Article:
Nitrogen stimulates leaf growth, phosphorus supports robust root systems, and potassium promotes fruiting and flowering processes.
Choose an organic fertilizer with high nitrogen content. The more leaves the plant grows, the bigger the bulbs are at harvest time. Feed your onion plants every three or four weeks until the tops of the bulbs start pushing the surrounding soil away.
If you don’t want to use pre-made fertilizer when you grow onions at home, try this easy recipe for homemade high-nitrogen fertilizer.
Blend the ingredients in a small bucket or lidded container using a trowel or garden fork. Apply one tablespoon of fertilizer around the base of each plant and carefully work it into the top few inches of the soil. Store your homemade fertilizer sealed in an airtight container or plastic bag in a cool, dry place.
Different Types of Onions
Before planting onion bulbs, it’s essential to know which varieties grow best in your region. Onion varieties fall into three general categories: long-day, intermediate-day or day-neutral, and short-day.
Long-day onions are ideal for northern climates with long daylight hours in mid-summer. They require between 14 and 16 hours of daylight during their later growth stages for the bulbs to mature. Grow long-day onions in USDA hardiness zone 6 or lower.
Short-day onions thrive in southern climates with mild winters. They usually get planted in the fall and either keep growing until spring or go dormant through the winter.
Short-day onions begin forming bulbs once the day length exceeds 12 hours and temperatures are above 70℉. They’re usually ready to harvest in early summer. Short-day onions grow best in USDA hardiness zone 7 or higher.
Day-neutral onions, also called intermediate-day, are more versatile and grow in most climates. They form bulbs regardless of day length. In areas that have mild winters, plant day-neutral onions in early fall for a late-spring harvest. In colder regions, plant them in late winter or early spring.
Growing an Onion from a Bulb on Your Kitchen Windowsill
Did you know that it’s possible to regrow onions from kitchen scraps? Save the bottom third of the onion bulb with the root end still attached. Let it dry for a day or two until you see the layers start to curl, then place it in a shallow dish filled with water.
To regrow green onions, cut the stem where it starts to turn from white to green. Place the bulb end with the roots in a small jar or glass of water. The leaves begin regrowing within a few days.
Growing an onion from a bulb also works in potting soil. Ensure that your container has several drainage holes at the bottom, and fill it with potting mix up to an inch below the rim. Press the root end of the bulb into the soil, cover the top with about an inch of soil, and thoroughly water it in. New leaves emerge in about a week.
Solutions for Common Onion Growing Problems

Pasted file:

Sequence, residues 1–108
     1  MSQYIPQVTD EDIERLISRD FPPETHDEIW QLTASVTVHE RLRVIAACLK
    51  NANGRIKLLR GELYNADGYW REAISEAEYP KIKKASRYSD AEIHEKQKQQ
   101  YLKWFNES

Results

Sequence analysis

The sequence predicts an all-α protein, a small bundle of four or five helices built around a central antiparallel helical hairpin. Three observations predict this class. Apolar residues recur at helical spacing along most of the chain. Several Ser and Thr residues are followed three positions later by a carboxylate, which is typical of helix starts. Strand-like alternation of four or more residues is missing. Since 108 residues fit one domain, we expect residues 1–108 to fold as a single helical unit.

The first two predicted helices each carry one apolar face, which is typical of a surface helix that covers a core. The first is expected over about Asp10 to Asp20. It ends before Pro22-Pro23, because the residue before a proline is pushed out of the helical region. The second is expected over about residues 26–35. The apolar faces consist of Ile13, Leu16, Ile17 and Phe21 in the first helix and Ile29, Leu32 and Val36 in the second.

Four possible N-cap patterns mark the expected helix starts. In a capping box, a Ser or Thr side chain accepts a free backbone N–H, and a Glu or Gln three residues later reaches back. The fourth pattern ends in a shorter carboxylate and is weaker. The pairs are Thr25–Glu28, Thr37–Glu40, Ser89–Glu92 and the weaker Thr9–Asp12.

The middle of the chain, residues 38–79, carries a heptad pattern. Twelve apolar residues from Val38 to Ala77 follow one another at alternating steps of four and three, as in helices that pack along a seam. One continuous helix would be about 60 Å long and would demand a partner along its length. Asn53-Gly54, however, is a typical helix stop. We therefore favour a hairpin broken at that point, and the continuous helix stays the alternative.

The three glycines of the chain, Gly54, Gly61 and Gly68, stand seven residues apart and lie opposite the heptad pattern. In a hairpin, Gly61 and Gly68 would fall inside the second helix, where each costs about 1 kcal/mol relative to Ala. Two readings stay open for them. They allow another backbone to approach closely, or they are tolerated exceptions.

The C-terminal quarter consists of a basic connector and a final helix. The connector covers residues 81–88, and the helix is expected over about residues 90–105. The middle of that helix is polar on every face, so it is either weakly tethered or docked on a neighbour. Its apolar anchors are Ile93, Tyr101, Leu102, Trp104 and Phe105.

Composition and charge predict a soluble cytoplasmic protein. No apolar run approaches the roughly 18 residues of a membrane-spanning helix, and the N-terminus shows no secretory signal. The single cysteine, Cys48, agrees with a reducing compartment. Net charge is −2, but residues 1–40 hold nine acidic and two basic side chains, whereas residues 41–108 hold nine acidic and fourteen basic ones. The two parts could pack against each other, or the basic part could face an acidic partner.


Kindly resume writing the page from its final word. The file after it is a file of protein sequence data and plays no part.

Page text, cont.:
Although onions are usually straightforward to grow, they sometimes suffer from pest and disease problems. Plants are considerably less vulnerable to attacks from insects and pathogens when they’re healthy. The best protection for your plants is appropriate amounts of light, nutrients, and water.
Leafminers, onion maggots, and thrips are the most common insects that attack onion plants. Leafminers and thrips damage the leaf tissue when they feed. Spray any affected plants with neem oil.
Onion maggots are fly larvae that burrow into onion bulbs, eventually killing the plant. Protect young plants with row covers in early spring to keep insect pests from laying eggs on or near your onions. Use diatomaceous earth to kill onion maggots.
A prevalent onion plant disease is bulb rot, which comes from poor soil drainage or prolonged overwatering. On the other hand, onion bulbs may split if they dry out too long.
Companion Planting with Onions
Companion planting is a practical garden design strategy that pairs compatible plants to take advantage of their mutually advantageous attributes.
Various plants attract beneficial pollinators and predatory insects, repel bothersome pests, and improve the flavor and overall growth of nearby plants. However, certain plants don’t get along and must stay separated.
Onions are incredibly helpful companion plants around the veggie garden. Their strong odor repels pests, including ants, aphids, cabbage loopers, carrot flies, flea beetles, mosquitoes, potato beetles, and spider mites. They also deter larger pests like deer and rodents.
Dill are excellent companion plants for onions because it wards off onion maggots. In addition, it attracts beneficial predatory insects that feed on pests like aphids, thrips, and leafminers. Basil and marigold work to deter thrips.
However, keep your onions away from asparagus, beans, peas, and sage. These plants reportedly stunt each other’s growth.
Insects and diseases don’t spread as quickly when similarly vulnerable plants grow separately. Avoid planting your onions next to other types of alliums.
Most gardeners agree that growing an onion from a bulb is one of the quickest, easiest ways to enjoy a bumper onion crop. The best time for planting onions from bulbs is generally in spring and fall.
Long-day onions are best for northern climates, and short-day onions grow well in the warmer southern regions. Day-neutral or intermediate-day onions thrive in most USDA zones.